.
Mov. Ecol.
1
,
4
.
Schmidt-Koenig
,
K.
(
1990
).
The sun compass
.
Experientia
46
,
336
-
342
.
Schmidt-Nielsen
,
K.
(
1972
).
Locomotion: energy cost of swimming, flying, and running
.
Science
177
,
222
-
228
.
Steiner
,
I.
,
Bürgi
,
C.
,
Werffeli
,
S.
,
Dell'Omo
,
G.
,
Valenti
,
P.
,
Tröster
,
G.
,
Wolfer
,
D. P.
and
Lipp
,
H.-P.
(
2000
).
A GPS logger and software for analysis of homing in pigeons and small mammals
.
Physiol. Behav.
71
,
589
-
596
.
Taylor
,
L. A.
,
Portugal
,
S. J.
and
Biro
,
D.
(
2017
).
Data from: Homing pigeons (Columba livia) modulate wingbeat characteristics as a function of route familiarity
.
Dryad Digital Repository. http://dx.doi.org/10.5061/dryad.37d5m
Tobalske
,
B. W.
and
Dial
,
K. P.
(
1996
).
Flight kinematics of black-billed magpies and pigeons over a wide range of speeds
.
J. Exp. Biol.
199
,
263
-
280
.
Usherwood
,
J. R.
(
2009
).
Inertia may limit efficiency of slow flapping flight, but mayflies show a strategy for reducing the power requirements of loiter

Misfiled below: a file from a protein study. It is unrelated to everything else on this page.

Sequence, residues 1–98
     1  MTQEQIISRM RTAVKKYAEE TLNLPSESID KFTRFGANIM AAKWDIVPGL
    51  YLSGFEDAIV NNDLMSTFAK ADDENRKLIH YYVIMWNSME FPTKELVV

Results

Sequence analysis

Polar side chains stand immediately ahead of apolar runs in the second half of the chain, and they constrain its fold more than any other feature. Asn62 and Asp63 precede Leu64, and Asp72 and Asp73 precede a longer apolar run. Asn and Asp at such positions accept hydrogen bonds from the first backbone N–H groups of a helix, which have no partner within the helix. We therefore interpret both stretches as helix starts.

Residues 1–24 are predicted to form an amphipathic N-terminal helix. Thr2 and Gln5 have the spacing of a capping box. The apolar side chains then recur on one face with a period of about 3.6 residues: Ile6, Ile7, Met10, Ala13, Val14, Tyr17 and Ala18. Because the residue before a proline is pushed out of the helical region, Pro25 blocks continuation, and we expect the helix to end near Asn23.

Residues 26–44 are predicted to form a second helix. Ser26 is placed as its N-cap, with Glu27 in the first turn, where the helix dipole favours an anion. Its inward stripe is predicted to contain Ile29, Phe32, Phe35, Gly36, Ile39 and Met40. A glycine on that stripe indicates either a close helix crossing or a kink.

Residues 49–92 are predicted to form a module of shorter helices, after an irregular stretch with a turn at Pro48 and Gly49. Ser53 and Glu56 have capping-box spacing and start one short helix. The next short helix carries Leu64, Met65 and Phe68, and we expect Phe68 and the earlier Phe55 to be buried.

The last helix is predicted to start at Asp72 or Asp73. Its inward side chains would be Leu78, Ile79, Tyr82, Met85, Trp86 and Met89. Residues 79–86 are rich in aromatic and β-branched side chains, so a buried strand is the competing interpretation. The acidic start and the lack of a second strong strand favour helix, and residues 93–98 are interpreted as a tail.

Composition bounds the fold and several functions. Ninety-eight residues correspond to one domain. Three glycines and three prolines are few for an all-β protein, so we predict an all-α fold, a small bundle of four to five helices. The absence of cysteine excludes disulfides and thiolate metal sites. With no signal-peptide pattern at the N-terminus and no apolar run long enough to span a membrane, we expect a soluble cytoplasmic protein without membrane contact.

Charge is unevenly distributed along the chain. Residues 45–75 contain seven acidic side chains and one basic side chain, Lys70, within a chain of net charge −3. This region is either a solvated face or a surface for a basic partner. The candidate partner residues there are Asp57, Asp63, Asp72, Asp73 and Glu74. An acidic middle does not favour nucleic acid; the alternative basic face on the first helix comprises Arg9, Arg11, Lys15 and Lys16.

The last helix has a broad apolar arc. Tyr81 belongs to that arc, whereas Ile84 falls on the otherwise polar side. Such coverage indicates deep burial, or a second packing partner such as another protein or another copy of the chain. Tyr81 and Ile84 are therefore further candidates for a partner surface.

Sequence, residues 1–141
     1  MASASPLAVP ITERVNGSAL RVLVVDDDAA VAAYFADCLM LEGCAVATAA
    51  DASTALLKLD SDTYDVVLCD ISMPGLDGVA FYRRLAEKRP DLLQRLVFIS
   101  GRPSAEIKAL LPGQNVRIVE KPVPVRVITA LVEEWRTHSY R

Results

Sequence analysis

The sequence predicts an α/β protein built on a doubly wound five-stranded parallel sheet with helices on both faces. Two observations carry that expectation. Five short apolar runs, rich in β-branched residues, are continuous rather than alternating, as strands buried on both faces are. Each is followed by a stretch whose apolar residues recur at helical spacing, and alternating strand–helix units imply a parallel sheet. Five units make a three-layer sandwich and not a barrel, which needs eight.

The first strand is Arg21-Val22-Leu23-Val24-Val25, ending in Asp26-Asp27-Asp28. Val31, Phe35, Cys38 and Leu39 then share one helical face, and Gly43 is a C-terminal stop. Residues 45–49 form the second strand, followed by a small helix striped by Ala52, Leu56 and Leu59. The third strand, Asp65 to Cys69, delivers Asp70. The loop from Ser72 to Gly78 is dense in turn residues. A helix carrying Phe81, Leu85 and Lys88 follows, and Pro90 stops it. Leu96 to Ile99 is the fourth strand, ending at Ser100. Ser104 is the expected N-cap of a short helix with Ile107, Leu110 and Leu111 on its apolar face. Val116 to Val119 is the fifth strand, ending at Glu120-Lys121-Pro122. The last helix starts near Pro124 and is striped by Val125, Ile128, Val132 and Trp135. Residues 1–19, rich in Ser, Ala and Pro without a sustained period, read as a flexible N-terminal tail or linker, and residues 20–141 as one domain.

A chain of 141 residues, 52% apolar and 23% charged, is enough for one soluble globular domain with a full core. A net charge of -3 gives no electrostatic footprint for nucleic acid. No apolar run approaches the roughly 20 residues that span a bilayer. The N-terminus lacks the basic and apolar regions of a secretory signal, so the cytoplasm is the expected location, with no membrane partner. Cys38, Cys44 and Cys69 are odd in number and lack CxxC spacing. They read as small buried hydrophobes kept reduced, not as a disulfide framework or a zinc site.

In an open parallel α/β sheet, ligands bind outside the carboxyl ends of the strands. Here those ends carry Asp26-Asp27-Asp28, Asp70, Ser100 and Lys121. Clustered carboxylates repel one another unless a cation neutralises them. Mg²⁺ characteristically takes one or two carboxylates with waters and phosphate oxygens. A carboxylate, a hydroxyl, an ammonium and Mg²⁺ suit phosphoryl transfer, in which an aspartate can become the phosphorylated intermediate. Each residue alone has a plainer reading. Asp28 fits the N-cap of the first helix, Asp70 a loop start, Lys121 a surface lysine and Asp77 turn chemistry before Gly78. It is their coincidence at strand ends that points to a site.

.
Bioinspir. Biomim.
4
,
015003
.
Usherwood
,
J. R.
,
Stavrou
,
M.
,
Lowe
,
J. C.
,
Roskilly
,
K.
and
Wilson
,
A. M.
(
2011
).
Flying in a flock comes at a cost in pigeons
.
Nature
474
,
494
-
497
.
Weimerskirch
,
H.
,
Martin
,
J.
,
Clerquin
,
Y.
,
Alexandre
,
P.
and
Jiraskova
,
S.
(
2001
).
Energy saving in flight formation
.
Nature
413
,
697
-
698
.
Wilson
,
R. P.
,
White
,
C. R.
,
Quintana
,
F.
,
Halsey
,
L. G.
,
Liebsch
,
N.
,
Martin
,
G. R.
and
Butler
,
P. J.
(
2006
).
Moving towards acceleration for estimates of activity-specific metabolic rate in free-living animals: The case of the cormorant
.
J. Anim. Ecol.
75
,
1081
-
1090
.
Wiltschko
,
W.
and
Wiltschko
,
R.
(
2005
).
Magnetic orientation and magnetoreception in birds and other animals
.
J. Comp. Physiol. A
191
,
675
-
693
.
Wiltschko
,
R.
and
Wiltschko
,
W.
(
2009
).
Avian navigation
.
Auk
126
,
717
-
743
.

Competing interests

The authors declare no competing or financial interests.

Supplementary information